2. The art forms Native women practice stand as reminders of cultural endurance.
4. Of nearly 2 million women enlisted in the U.S.armed forces, 18,000 are American Indian women. Their representation in the military is disproportionately high—and Native women are more likely to be sexually harassed, which increases their chances of developing post-traumatic stress disorder.
Sexual violence against Native American women is common even for those not in the military.
More than 1 in 3 Native women will be raped in her lifetime. A complex maze of tribal, state and federal jurisdictions allows perpetrators to rape with impunity and in some cases even encourages assaults.
Sexual violence against Indigenous women in the USA is widespread — and especially brutal. According to US government statistics, Native American and Alaska Native women are more than 2.5 times more likely to be raped or sexually assaulted than other women in the USA.
According to the US Department of Justice, in at least 86 percent of the reported cases of rape or sexual assault against American Indian and Alaska Native women, survivors report that the perpetrators are non-Native men.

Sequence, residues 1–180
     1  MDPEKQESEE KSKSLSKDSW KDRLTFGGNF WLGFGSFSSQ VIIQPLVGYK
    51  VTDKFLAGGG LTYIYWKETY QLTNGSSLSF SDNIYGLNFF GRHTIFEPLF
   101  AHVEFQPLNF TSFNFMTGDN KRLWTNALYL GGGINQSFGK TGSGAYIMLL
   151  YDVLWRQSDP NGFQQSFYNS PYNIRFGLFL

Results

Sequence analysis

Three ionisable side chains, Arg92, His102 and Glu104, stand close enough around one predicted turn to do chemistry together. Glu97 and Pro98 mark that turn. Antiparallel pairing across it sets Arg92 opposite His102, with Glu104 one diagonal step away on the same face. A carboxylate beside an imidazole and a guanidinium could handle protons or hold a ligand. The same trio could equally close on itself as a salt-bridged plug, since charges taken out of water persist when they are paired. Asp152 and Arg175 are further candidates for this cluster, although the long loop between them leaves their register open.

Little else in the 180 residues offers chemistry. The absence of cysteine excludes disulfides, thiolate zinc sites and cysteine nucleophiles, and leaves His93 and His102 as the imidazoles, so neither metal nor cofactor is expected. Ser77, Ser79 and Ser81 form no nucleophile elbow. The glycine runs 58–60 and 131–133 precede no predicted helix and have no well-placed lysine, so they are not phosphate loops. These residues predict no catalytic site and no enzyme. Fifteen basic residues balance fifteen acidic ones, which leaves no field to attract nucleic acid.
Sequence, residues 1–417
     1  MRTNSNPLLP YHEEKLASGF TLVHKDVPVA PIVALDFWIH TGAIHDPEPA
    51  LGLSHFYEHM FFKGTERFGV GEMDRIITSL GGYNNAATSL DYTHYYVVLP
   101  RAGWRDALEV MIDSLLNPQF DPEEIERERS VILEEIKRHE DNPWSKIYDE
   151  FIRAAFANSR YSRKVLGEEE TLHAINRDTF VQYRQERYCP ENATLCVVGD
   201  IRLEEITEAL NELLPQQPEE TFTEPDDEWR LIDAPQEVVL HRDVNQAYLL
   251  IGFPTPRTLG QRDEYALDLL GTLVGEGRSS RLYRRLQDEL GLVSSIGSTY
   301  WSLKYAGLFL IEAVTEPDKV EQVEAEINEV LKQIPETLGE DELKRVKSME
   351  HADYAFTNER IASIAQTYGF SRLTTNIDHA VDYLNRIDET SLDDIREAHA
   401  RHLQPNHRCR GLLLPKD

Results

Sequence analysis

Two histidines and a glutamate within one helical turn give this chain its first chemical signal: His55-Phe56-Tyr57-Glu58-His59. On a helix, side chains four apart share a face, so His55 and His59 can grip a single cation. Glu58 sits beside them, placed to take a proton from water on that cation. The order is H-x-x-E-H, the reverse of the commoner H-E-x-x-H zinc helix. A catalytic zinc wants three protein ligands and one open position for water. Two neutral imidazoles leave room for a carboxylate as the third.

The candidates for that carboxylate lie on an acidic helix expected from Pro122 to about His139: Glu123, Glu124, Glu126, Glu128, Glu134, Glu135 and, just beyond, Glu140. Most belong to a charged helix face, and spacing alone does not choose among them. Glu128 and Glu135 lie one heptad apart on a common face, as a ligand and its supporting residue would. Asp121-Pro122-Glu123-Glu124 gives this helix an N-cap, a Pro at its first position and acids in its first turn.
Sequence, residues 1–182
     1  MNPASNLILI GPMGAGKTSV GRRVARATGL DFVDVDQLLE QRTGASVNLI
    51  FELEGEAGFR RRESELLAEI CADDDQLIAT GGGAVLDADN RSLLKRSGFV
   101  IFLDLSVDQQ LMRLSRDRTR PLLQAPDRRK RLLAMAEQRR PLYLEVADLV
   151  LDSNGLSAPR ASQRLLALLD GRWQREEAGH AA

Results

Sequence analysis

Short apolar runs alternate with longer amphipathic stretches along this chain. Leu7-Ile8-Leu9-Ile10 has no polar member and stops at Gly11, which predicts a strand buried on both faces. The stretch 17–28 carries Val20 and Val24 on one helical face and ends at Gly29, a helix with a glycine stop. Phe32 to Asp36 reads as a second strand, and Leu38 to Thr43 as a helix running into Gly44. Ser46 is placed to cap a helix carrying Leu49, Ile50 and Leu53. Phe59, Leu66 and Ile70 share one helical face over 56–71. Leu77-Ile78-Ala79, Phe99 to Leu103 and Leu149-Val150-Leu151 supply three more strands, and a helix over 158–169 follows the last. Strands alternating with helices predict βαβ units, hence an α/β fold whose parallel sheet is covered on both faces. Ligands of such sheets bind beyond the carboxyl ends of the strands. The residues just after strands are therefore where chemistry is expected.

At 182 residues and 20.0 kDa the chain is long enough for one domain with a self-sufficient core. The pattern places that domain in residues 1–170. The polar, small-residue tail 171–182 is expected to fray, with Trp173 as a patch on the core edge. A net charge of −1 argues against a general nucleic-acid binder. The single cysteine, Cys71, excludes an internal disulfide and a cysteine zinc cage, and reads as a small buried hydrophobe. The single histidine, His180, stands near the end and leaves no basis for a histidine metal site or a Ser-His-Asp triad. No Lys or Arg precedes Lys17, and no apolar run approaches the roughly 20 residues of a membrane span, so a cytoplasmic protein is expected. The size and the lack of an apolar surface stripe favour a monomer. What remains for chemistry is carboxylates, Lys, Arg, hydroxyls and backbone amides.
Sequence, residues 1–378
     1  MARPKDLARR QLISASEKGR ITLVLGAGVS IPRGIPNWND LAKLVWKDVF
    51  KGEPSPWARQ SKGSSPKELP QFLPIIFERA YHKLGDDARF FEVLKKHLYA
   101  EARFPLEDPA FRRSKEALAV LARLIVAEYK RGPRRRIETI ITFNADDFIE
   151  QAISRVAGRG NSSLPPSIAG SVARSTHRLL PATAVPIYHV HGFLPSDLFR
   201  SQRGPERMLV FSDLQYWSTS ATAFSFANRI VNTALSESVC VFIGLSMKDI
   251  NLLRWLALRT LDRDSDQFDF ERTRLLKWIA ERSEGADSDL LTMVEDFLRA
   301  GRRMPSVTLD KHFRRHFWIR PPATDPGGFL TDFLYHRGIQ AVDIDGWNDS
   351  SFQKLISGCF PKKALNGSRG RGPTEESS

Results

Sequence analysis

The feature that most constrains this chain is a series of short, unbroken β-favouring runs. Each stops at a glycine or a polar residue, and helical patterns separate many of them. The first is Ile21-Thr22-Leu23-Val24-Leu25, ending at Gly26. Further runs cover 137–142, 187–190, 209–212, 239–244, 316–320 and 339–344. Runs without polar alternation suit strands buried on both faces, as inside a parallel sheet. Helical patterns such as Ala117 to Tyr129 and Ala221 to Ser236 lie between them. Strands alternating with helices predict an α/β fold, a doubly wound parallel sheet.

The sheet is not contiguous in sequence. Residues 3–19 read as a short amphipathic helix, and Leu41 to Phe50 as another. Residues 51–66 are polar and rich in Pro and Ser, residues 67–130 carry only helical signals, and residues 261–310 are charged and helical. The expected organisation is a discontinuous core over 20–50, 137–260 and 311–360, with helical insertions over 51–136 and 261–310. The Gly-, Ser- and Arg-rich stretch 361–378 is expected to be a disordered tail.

Tribal law enforcement agencies are chronically under-funded — federal and state governments provide significantly fewer resources for law enforcement on tribal land than are provided for comparable non-Native communities. The lack of appropriate training in all police forces — federal, state and tribal — also undermines survivors' right to justice. Many officers don't have the skills to ensure a full and accurate crime report. Survivors of sexual violence are not guaranteed access to adequate and timely sexual assault forensic examinations which is caused in part by the federal government's severe under-funding of the Indian Health Service.